Student collects Wi-Fi data around UD campus
Published: Tuesday, May 15, 2012
Updated: Tuesday, May 15, 2012 06:05
On a Wednesday evening, senior Phil Lastner drove around Newark with his laptop and cell phone beside him, trying to map wireless networks—an activity called wardriving.
Lastner, a computer science information systems major, defined wardriving as the process of searching for and recording wireless network names on a device while driving around a specific area. He said he has been wardriving “for fun” for about a month because it is rewarding to know that he can do it.
“It’s just an activity to map out networks for a bunch of nerds like myself,” Lastner said. “It’s so boring for the normal-minded person.”
According to electrical and computer engineering professor Xiaoming Li, wardriving is conducted by companies as well as individuals.
“For example, Google and Apple have population-driven services, which are essentially wardriving,” Li said.
Population driven services are those operated by the average person, such as iPhone applications that act as tools.
Although wardriving can be accomplished using other tools that pick up Wi-Fi networks, Lastner said he uses his Droid smartphone as a global positioning system to locate the networks, and a Bluetooth application on his phone connects to a serial port on his laptop.
He said the process of wardriving begins when he gets into his car, turns on his laptop, and runs a program called GPSD, which reads the GPS data obtained from his smartphone. GPSD runs in the background after it automatically connects to a Wi-Fi detector called Kismet.
Once the connection is made, Lastner said he can begin “stumbling” wireless networks using Kismet, which displays information about the wireless networks and their locations on his Linux operating system laptop.
“Linux is an open source operating system and it’s more for the programmers in the world because you have to interact with it a lot more than you do Windows and Mac,” he said. “It’s just a different operating system and for me it’s more secure. It interacts with the system at a real base level.”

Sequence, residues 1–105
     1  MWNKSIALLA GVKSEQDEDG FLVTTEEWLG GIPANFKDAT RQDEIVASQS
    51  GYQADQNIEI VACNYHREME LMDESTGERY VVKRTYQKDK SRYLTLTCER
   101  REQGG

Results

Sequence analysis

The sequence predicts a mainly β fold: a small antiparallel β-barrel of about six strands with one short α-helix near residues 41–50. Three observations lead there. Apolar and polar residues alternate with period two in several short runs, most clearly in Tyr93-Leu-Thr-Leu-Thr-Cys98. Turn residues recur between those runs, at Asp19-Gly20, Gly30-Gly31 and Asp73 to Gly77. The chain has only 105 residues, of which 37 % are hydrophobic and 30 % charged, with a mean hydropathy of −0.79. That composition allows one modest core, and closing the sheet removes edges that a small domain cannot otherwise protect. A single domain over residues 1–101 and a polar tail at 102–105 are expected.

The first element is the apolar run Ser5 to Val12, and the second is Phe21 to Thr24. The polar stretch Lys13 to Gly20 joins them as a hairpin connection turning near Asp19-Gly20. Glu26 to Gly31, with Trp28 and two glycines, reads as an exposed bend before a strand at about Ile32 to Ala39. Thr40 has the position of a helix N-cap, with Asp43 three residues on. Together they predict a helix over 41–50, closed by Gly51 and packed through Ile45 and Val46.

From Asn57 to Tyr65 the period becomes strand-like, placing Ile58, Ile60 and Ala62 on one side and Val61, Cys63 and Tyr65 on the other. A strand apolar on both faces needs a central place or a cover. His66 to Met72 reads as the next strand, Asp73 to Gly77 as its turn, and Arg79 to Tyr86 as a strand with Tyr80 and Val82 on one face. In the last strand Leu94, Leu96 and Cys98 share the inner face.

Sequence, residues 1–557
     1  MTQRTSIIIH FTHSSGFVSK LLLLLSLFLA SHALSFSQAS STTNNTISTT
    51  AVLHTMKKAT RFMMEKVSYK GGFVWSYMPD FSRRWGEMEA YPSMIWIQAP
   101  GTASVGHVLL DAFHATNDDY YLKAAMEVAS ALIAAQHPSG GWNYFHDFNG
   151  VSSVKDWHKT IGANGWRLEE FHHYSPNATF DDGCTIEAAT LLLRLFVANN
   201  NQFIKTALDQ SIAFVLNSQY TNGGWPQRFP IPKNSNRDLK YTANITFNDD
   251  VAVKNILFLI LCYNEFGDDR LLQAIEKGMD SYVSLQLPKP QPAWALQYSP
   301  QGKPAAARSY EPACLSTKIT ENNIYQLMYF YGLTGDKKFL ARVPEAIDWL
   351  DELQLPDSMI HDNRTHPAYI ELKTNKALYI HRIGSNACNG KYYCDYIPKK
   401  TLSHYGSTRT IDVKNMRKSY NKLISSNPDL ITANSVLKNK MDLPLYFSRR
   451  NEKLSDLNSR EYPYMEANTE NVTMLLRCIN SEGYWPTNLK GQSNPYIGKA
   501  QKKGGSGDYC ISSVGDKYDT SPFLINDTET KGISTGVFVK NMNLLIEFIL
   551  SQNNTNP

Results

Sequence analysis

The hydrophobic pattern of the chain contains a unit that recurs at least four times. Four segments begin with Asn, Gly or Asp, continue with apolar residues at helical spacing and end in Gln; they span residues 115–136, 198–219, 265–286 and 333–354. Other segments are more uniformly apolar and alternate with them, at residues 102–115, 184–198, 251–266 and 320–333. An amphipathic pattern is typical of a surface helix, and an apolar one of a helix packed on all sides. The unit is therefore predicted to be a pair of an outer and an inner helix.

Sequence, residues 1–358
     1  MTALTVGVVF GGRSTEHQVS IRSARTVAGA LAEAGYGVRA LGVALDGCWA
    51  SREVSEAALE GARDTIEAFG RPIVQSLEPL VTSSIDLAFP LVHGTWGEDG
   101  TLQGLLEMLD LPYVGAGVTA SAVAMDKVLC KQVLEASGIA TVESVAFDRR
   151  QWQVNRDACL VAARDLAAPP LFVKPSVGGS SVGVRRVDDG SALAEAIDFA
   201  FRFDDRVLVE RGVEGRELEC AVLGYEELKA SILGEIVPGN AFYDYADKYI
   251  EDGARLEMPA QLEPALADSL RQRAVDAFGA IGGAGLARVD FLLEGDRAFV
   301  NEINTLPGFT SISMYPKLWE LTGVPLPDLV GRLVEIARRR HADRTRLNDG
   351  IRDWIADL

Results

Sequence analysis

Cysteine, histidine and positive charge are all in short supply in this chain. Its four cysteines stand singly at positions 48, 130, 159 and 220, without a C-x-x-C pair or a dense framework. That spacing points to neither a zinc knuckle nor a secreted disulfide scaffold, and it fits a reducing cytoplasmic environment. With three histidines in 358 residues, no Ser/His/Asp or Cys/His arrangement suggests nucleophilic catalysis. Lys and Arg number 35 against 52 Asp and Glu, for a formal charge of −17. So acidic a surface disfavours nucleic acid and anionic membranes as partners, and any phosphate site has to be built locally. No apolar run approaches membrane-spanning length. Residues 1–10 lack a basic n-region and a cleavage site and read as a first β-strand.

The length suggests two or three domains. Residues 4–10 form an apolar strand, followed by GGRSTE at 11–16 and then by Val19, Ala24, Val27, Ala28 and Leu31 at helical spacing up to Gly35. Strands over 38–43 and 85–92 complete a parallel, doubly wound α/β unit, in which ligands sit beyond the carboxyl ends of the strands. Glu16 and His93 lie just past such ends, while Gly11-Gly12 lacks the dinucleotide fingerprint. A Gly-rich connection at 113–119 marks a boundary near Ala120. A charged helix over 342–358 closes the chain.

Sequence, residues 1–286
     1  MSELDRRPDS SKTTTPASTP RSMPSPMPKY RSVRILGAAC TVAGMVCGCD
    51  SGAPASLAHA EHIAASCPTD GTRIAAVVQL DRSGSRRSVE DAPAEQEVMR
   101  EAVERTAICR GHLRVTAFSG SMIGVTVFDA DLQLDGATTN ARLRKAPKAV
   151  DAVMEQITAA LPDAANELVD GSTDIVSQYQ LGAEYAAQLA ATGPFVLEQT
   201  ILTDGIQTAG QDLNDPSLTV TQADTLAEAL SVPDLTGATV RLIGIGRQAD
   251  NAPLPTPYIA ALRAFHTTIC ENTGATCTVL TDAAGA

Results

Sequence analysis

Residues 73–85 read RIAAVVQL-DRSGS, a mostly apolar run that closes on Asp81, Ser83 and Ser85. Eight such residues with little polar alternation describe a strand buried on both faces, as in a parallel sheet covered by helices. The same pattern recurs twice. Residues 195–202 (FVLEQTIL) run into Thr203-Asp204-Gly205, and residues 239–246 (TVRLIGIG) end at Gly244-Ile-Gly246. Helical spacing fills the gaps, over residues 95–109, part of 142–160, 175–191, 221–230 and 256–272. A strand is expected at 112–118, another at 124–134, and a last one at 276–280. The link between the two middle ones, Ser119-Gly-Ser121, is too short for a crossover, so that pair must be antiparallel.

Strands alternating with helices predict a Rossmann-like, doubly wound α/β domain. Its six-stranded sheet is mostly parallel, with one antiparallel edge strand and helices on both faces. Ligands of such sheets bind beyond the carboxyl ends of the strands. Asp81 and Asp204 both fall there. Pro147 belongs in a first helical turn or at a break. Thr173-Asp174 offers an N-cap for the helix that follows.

Lastner transfers the saved network files to his second laptop, a MacBook, where he runs a script which converts the files into one that can be opened with Google Earth. A visual map of all the networks he passed while driving is then created, he said.
Lastner said he uploads the maps he makes to a wardriving database called WiGle.net for users to access.
He said he has known about the concept of wardriving for a few years, but has only recently found enough time to devote to it.
“I never really pursued it because I’ve been doing other programming things that didn’t really involve me mapping out networks,” Lastner said.
Although the process is somewhat new to him, he said he is sure university students have created network maps before.
“This is not that hard to do and it’s pretty interesting,” Lastner said. “I like networking and so do a lot of people in my major. There is no doubt in my mind that people have done this before.”
Electrical and computer engineering professor Stephan Bohacek said anyone can use their smartphone to wardrive because applications that pick up wireless networks are available on all smartphones.
He said the practice of discovering different, open Wi-Fi networks that exist in an area is becoming extremely popular and that wardrivers can utilize the networks as access points to figure out their location.
“Access points have a unique ID,” Bohacek said. “By looking at the set of access points in a location you can determine where you are.”
Li said the information that can be obtained from wardriving is useful in discovering specific locations.
“A good example is the location service that is available on every cell phone,” Li said. “Such services, no matter backed by Google, Apple or phone companies, use the information about the physical locations of 802.11 networks to pinpoint an address or accelerate the searching.”
Lastner said when his computer records the networks, it also records the relatively exact latitude and longitude coordinates of each network, which is how they are placed on a map.